Louis Proyect: The Unrepentant Marxist

March 25, 2011


Filed under: Film,immigration — louisproyect @ 6:37 pm

In many ways, the title of the film “Illegal” that opens today at the Cinema Village in New York should be “Nobody is illegal” since this is about as hard-hitting and politically engaged as any movie ever made on the plight of undocumented workers. While Americans might assume that the protagonists are Latinos, who bear the brunt of nativist repression, the film takes place in Belgium and tells the story of Tania, a teacher from Byelorussia who now works cleaning offices at night.

In the opening moments, we see Tania sitting on a sofa drinking vodka straight from a bottle. It turns out that she is not dissolute, only seeking to dull the pain that awaits her. Once she is sufficiently dosed, she takes a steam iron and proceeds to apply the iron against her fingertips in an attempt to conceal her identity. From this moment onwards, we understand that being deported is a fate worse than hell. The fact that “Illegal” does not spell out what makes her so afraid does not diminish it. All we need to know is that for some people becoming an undocumented worker in another country is a lesser evil, and one necessary to assume.

Tania has a young son named Ivan who she dotes on. She has decorated their modest apartment with banners and tinsel, although he complains that he would rather celebrate with his friends. The next day, Tania and Ivan are confronted outside their building by a couple of cops who demand to see her papers. When she can only show them a health service id, they insist that she bring them back to her apartment where the papers (false, as it turns out) can be found. They are interested in finding out where she got the documents from and will pressure her to name the supplier, a thuggish Russian named Mr. Novak who controls her and her son through his power over her identification papers.

Tania tries to flee the cops who wrestle her to the ground. She cries out to Ivan to run away, which he does with mixed feelings. Now he will be on his own. Like all young men who complain about smother love, he will find it hard to live without her.

She is taken to a detention center where most of the action of this taut and powerful film takes place. It is in many ways a prison genre work, including a food fight done as comic relief, but with the added dimension of being a foreigner. Some of the most interesting scenes involve her in discussions with a female guard who has no enthusiasm for her job but needs the money. Tania develops close ties to another woman from Mali who has been beaten repeatedly for the guards by refusing to voluntarily return to her country. This is the same fate that awaits Tania as well.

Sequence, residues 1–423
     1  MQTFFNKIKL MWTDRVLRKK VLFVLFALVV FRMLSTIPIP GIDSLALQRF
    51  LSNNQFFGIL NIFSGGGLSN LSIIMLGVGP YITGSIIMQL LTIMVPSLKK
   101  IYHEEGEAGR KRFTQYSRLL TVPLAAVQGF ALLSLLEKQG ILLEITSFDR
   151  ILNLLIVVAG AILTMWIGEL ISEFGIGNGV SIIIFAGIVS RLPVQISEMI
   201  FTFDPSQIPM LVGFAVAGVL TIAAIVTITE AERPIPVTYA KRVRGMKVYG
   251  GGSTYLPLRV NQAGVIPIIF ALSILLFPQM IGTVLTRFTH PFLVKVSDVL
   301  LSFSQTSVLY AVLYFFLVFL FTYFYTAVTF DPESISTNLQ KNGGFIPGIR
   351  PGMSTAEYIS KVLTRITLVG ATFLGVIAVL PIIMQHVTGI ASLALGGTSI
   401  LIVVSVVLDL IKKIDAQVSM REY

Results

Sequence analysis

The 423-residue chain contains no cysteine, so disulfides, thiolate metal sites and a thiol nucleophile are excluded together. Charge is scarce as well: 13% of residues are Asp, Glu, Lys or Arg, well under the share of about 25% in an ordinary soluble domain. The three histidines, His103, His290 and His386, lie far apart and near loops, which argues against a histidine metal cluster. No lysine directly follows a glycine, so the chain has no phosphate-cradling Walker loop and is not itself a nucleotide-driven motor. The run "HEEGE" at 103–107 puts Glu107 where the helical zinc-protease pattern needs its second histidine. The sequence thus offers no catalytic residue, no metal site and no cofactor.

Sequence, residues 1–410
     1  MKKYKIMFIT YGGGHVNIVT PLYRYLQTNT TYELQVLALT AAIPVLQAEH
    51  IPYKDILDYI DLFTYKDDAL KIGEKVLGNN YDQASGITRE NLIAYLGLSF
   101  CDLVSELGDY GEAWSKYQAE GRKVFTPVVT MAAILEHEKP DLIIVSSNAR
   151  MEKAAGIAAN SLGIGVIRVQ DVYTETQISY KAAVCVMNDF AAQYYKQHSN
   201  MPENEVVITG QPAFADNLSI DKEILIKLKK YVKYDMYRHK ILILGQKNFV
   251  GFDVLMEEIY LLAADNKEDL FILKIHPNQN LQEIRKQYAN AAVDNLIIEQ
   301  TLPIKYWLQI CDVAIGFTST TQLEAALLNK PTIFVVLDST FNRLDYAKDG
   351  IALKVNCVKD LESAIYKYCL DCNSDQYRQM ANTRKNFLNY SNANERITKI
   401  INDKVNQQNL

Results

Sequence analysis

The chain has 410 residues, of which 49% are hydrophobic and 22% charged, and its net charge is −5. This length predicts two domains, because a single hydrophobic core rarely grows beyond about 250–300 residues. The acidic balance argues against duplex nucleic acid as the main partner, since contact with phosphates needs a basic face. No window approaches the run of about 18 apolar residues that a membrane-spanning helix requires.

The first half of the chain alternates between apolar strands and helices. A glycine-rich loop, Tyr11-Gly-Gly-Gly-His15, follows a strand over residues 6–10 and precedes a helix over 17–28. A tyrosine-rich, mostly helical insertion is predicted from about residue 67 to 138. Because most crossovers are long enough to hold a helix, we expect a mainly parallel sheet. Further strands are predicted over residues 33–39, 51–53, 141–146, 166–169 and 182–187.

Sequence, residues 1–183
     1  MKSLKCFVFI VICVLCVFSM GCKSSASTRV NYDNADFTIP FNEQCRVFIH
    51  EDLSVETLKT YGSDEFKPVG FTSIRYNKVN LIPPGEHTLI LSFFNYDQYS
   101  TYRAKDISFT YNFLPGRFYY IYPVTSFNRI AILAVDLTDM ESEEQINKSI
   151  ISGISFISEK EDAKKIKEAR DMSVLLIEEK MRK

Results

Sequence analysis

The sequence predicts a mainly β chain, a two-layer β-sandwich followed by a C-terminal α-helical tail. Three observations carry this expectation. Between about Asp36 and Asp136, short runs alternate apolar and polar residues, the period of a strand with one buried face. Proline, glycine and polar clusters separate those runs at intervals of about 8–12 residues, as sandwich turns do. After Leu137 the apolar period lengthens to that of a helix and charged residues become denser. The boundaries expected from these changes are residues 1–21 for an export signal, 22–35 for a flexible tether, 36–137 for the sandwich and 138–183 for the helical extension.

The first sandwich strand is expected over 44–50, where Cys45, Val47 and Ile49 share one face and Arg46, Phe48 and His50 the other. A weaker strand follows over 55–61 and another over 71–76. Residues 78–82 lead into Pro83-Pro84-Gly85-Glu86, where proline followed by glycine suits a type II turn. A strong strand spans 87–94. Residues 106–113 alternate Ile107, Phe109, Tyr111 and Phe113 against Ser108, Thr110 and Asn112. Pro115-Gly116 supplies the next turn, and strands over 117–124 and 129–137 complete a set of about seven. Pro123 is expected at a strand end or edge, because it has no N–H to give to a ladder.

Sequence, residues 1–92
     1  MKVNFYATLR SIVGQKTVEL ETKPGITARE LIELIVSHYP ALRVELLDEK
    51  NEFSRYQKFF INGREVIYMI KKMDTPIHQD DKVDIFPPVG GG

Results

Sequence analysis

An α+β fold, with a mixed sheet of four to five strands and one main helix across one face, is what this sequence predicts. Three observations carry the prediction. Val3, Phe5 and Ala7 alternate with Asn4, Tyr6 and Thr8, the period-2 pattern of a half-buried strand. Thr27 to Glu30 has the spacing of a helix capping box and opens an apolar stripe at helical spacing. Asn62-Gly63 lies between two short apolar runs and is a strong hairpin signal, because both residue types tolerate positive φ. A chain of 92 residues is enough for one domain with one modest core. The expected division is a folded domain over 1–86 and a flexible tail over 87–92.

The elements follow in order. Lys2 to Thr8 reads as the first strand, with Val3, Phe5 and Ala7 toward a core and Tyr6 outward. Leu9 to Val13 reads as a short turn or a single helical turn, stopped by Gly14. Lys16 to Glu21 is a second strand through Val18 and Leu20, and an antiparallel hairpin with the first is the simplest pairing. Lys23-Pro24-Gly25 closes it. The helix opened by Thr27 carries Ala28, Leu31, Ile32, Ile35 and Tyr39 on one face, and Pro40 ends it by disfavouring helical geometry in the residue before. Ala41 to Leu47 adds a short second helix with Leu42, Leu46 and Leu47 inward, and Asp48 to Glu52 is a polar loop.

In almost a documentary fashion, the film details the dehumanization that all jailed “illegal” immigrants face. In one truly memorable scene, we see Tania being “processed” through an airport building set up exclusively for deportees. After being forced to strip and put up with an invasive search (for god knows what), she is corralled into a tiny and poorly lit cell awaiting being put on a plane destined to Eastern Europe. It is like watching a steer being put through a meat packing house assembly line.

“Illegal” was directed by Oliver Masset-Depasse and stars Anne Coesens as Tania. She is brilliant.

In the press notes, the director is interviewed by Mattieu Recarte who asks:

Tania, the main character, is a Russian “illegal alien,” as the authorities say. Shouldn’t the French title have used the feminine spelling for illegal immigrant?

Masset-Depasse’s reply:

No, because it’s the “System,” a masculine word in French, that I consider “illegal,” not Tania. The administrative detention centers found in our countries, which supposedly respect human rights, are illegal. The vast majority of illegal immigrants held in these centers have had to flee extreme poverty, dictatorship, war etc., and when after an often trying and dangerous journey, they end up in our countries; we welcome them by putting them in prison. They are treated like criminals.

In fact, Belgium has already been convicted four times by the European Court of Human Rights for inhuman or degrading treatment. That shows you to what extent my country lives up to its ideals.

Using a modesty of means, “Illegal” tells a story that is not only dramatically compelling but politically necessary. One would only hope that young American film-makers will follow suit.

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